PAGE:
Finding the silver lining
Tapping the mature workforce can boost the much needed talent in today’s shrinking labour market
Singapore has one of the world’s lowest unemployment rates but dark clouds threaten the future with increased talent competition and an inevitable growing aging workforce emerging globally as well. Presently, 53.7% of Singaporeans aged 55 -64 are working; this group will make up at least 55% of the total workforce by 2015.
With an aging workforce coupled with slowing birth- rates, businesses are now facing a labour crisis where the number of new entrants to the workforce is inadequate to meet the required labour demand.
To cope with the inevitability of talent shortage, companies must look to the mature workforce to help fill the gaps.
Silver is the new black
Working in retirement is now the new reality. Apart from economic reasons pushing more older workers to remain in the workforce, many continue working to keep mentally alert and physically fit in their golden years. They might not even wish to retire, but instead are seeking more flexible work arrangement with fewer hours and reduced work pressures.
Mature-aged workers are known for their extensive experience, loyalty and stability. And every time a mature-aged employee resigns or retires, companies lose years of valuable knowledge, skills and experience. Certain industries are particularly concerned about the impending ‘brain drain’ following the withdrawal of mature workers from the workforce.
And with the world’s aging population on the rise, businesses will need to exploit the older age group demographic. Hence, companies must ensure they have sufficient older employees for mature clientele to relate to. Furthermore, having a diverse labour force comprising of multi- aged staff is beneficial to companies as this ensures a range of best talents available.
Attracting, retraining and retaining mature- aged employees
Employing mature-aged workers can help to curb high costs of recruitment and training while reducing attrition.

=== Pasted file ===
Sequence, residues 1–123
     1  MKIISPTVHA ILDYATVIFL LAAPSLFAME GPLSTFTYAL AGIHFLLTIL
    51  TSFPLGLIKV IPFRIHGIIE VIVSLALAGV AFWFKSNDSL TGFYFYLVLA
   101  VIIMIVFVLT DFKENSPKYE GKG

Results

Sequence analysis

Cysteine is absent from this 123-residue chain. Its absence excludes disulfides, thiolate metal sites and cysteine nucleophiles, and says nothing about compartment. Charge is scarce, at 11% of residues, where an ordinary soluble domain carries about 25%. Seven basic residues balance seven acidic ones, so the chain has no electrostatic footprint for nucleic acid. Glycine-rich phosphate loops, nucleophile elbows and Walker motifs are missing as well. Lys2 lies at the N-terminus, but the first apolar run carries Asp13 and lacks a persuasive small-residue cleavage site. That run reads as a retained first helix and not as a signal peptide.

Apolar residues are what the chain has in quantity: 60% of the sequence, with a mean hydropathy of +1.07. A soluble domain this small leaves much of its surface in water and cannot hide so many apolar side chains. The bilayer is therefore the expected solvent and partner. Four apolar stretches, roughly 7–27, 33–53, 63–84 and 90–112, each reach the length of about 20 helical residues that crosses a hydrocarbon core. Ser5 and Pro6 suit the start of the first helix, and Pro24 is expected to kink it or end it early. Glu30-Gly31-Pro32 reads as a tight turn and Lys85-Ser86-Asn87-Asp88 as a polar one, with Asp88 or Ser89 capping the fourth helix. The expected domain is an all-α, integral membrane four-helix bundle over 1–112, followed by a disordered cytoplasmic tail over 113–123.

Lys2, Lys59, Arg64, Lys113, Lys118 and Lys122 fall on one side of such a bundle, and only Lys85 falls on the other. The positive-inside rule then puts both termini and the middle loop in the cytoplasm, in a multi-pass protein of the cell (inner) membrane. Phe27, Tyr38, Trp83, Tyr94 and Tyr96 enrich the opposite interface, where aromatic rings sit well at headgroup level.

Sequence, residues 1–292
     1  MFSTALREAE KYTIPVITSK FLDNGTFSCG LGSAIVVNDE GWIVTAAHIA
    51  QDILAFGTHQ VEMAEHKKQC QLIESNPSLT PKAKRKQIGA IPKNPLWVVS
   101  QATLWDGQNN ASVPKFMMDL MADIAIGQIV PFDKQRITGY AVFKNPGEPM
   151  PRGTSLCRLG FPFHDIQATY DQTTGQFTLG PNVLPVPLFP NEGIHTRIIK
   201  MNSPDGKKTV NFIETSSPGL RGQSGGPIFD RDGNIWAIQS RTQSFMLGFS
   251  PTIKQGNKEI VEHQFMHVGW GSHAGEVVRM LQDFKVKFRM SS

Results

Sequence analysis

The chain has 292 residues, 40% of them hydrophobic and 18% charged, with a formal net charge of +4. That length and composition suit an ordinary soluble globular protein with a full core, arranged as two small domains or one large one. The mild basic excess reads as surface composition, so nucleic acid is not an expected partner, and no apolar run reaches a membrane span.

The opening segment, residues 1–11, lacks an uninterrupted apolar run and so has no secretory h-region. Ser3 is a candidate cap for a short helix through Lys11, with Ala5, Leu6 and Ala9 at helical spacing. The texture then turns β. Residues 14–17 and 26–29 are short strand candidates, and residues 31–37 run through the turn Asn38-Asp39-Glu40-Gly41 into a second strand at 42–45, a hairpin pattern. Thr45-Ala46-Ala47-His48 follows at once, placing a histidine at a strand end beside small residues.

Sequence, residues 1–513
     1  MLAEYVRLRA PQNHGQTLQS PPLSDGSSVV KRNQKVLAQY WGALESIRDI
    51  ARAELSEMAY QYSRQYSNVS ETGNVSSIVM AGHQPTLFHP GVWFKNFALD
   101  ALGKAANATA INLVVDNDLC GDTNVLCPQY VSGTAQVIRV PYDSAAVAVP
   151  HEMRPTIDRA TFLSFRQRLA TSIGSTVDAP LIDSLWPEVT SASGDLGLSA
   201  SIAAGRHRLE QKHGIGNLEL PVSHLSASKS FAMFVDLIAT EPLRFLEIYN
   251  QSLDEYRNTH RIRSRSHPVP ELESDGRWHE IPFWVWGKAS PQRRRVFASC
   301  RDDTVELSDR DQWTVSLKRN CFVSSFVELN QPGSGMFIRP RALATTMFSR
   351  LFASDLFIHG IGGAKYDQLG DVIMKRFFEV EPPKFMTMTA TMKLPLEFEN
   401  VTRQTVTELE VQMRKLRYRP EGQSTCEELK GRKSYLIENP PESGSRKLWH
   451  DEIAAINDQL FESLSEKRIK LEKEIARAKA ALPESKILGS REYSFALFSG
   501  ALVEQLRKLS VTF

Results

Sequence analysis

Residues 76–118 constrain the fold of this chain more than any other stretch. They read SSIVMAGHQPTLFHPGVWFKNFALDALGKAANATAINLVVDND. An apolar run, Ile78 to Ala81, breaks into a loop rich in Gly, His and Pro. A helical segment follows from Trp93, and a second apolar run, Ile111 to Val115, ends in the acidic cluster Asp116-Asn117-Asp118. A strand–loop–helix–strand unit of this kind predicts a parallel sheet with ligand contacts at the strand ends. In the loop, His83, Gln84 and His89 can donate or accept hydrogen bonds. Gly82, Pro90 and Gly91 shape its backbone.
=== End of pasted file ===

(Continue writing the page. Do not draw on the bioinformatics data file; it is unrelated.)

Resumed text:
By 1 January 2012, employers will be required to offer re-employment to their workers when they reach the age of 62. They can then continue to work until they are 65 – this will eventually be raised to 67. But re- employment may not necessarily be in the same job or at the same pay.
In anticipation of the re- employment law, some employers have already taken a step ahead to tap the mature workforce. Employers have coaxed their ex- staff out of retirement by re-engineering or re-designing jobs to facilitate the latter’s needs and offering flexible working arrangements as well as flexible benefits.
Supporting companies initiating re-hiring and retention of older staff, the Singapore Workforce Development Agency (WDA) has established the ADVANTAGE! Scheme where the funds may be used to recruit, retain and re- employ mature workers.
One of the many ways companies can increase their pool of mature employees is to include them in mentorship programmes to pass on their knowledge to their younger counterparts. Leveraging on their expertise and extensive experience, retired professionals can be offered consultancy or advisory roles. Companies can hire qualified mature employees on a contract or part- time basis as well. Not only will companies meet knowledge transfer needs, older workers will appreciate the work life balance the job offers too.
To enhance employability and engagement, companies should have a career development programme for their mature staff – being older does not mean there is no room for professional growth. Training their older employees and upgrading their skills they are kept relevant in today’s workforce.
Furthermore, despite their age, older workers can learn new skills and performing as well as their younger counterparts. These candidates can utilise government subsidies at training centres to improve themselves.
Resumes and interviews revisited
One of the biggest conceptions in hiring older workers is that their skills are outdated and they are not willing to learn new skills. Therefore, mature workers need to show how they are still current in today’s workforce, particularly highlighting their computer and technical skills, willingness to learn and keeping their skills updated. They have to demonstrate they are flexible, creative and able to work in a diverse-age environment.
For candidates intending to join the workforce after years of being a homemaker or volunteer, or have large breaks of unpaid experience in their job history, they should consider describing their skills as transferable and applicable to their next job.
This article is contributed by Ms Alma Othman, Managing Director – South Asia region, The GMP Group.
The GMP Group Incorporated in 1991, The GMP Group the largest staffing and HR service provider in Singapore with various business units offering distinct services across all industries. Today, GMP is headquartered in Singapore with offices in Hong Kong, Malaysia, Shanghai and Thailand.
For more information on The GMP Group, please visit www.gmprecruit.com